As I remember it, when the Palestinian theatre group Al-Hakawati was invited to Japan to perform the first Palestinian operetta "Antar" (1988), a year after it was composed by Mustapha Al-Kurd, I was asked to design the poster.
The story of Antar and Abla is famous in poetry and myth in Arab culture, based on the exploits of a real hero Antara Ibn Shaddad, one of the greatest Arab poets of antiquity.
The troupe's name "Al-Hakawati" is the Arabic term for the story-teller of yore, who would recite such traditional stories as the Arabian Nights to spell-bound coffee-shop guests. One epic was the saga of Antar, the son of an Ethiopian slave woman and an Arab tribal chieftain, who raised Antar as a slave. When their tribe was attacked by an enemy tribe Antar was urged by his father to fight.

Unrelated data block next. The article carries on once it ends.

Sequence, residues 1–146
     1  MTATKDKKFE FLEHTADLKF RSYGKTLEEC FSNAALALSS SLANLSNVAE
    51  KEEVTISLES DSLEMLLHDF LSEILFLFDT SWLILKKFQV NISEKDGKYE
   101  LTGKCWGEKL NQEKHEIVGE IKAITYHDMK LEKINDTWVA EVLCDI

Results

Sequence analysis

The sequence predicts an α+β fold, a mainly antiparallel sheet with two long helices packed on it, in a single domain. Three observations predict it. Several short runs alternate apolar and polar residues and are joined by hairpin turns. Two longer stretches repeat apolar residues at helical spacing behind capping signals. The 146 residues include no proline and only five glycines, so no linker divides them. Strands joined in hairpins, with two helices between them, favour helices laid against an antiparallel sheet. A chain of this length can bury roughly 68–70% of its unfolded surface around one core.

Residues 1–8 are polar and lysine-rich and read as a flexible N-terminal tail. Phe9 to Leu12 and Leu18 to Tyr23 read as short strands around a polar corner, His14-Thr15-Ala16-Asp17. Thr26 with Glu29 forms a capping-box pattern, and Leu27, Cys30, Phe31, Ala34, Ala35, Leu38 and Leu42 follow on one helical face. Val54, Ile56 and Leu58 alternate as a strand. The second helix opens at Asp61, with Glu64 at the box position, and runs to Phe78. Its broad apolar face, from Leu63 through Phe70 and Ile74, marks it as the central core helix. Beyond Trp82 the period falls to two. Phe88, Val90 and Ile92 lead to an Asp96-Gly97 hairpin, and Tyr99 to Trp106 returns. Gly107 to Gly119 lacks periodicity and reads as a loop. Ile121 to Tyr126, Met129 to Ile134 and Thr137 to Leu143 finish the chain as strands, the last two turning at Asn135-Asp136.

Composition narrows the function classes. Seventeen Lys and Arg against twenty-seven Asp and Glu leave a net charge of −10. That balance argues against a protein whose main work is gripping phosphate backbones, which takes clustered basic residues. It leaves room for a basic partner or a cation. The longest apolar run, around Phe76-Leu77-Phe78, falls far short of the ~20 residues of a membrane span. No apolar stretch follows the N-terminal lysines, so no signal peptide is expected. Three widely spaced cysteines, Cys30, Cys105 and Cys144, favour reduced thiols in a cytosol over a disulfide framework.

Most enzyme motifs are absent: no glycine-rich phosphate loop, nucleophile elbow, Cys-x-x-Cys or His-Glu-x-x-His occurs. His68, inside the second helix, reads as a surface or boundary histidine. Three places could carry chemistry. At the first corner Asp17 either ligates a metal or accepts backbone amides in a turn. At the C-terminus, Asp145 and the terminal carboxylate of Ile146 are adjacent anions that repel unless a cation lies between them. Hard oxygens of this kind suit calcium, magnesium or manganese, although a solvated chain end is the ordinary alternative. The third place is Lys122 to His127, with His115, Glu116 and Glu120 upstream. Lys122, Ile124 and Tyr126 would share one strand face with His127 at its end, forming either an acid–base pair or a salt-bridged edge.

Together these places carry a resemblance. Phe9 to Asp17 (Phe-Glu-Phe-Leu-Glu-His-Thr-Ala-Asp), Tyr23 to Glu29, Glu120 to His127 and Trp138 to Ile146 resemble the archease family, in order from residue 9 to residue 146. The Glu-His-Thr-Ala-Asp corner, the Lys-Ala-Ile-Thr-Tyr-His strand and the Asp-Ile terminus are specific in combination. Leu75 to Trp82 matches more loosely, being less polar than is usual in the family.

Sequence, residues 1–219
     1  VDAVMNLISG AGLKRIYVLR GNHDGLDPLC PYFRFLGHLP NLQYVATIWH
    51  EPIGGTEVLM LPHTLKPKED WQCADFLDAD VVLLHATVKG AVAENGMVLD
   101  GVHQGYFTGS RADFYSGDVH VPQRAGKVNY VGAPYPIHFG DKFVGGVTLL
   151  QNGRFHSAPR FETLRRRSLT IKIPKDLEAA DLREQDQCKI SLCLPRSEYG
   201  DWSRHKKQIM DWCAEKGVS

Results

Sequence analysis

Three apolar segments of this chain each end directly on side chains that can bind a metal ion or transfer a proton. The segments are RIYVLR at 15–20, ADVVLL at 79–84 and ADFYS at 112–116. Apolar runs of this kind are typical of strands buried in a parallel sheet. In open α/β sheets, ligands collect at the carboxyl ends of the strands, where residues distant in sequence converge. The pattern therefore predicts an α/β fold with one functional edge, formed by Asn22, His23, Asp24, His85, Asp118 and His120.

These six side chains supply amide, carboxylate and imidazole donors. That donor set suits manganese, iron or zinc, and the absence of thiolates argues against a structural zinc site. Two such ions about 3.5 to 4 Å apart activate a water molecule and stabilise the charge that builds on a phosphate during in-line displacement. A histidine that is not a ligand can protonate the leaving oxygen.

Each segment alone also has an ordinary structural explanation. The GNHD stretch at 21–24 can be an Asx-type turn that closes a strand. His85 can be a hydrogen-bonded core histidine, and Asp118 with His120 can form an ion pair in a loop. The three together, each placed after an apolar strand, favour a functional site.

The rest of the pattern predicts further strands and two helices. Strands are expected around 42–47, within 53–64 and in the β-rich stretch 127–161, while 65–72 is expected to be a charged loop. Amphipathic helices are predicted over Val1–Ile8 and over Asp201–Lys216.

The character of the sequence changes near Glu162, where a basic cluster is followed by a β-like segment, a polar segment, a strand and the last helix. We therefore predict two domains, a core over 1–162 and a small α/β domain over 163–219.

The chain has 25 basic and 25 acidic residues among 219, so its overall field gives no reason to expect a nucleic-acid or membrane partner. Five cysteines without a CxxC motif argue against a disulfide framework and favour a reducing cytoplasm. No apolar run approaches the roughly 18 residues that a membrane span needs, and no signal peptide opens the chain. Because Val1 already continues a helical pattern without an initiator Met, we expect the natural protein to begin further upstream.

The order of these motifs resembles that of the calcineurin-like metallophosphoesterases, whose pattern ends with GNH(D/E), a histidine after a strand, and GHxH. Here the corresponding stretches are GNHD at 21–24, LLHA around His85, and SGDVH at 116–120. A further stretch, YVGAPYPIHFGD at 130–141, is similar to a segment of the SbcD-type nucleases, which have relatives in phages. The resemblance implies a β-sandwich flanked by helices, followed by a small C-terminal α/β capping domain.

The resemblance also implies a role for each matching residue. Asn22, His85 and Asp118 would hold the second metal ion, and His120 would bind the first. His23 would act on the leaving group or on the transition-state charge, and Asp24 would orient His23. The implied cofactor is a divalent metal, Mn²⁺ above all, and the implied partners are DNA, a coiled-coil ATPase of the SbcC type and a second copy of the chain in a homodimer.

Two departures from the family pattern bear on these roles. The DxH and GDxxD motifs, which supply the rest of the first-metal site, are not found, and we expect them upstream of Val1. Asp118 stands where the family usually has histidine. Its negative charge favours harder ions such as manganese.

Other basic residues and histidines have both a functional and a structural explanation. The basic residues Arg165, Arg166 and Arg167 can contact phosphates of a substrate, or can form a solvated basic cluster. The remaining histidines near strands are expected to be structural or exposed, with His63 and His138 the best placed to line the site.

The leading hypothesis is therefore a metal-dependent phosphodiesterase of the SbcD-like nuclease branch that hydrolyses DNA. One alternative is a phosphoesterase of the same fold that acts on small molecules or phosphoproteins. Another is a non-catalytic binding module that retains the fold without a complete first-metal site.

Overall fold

Antar replied that a slave neither fights nor flees, so the father uttered the resounding (and rhyming) words: "كر يا عنتر فأنت حر Kur ya Antar fa anta hurr", viz. "Attack, Oh Antar, you are free!". Antar did fight and the battle was won. These are the Arabic words I put in my faux carpet illustration, repeating the word for 'free' three times. The symbolism of the broken chain is self-explanatory, particularly in the Palestinian context because Al-Hakawati Theatre is based in Israeli-occupied Arab Jerusalem.
The Moon is used because in Arab literature a common way to describe the beauty of a woman is to say she is like the Moon.
I was happy with the way the Japanese designer, Kohei Sugiura, placed my illustration in the elegant typographic setting with the startling chrome-yellow background.
Vladimir Tamari - 2013
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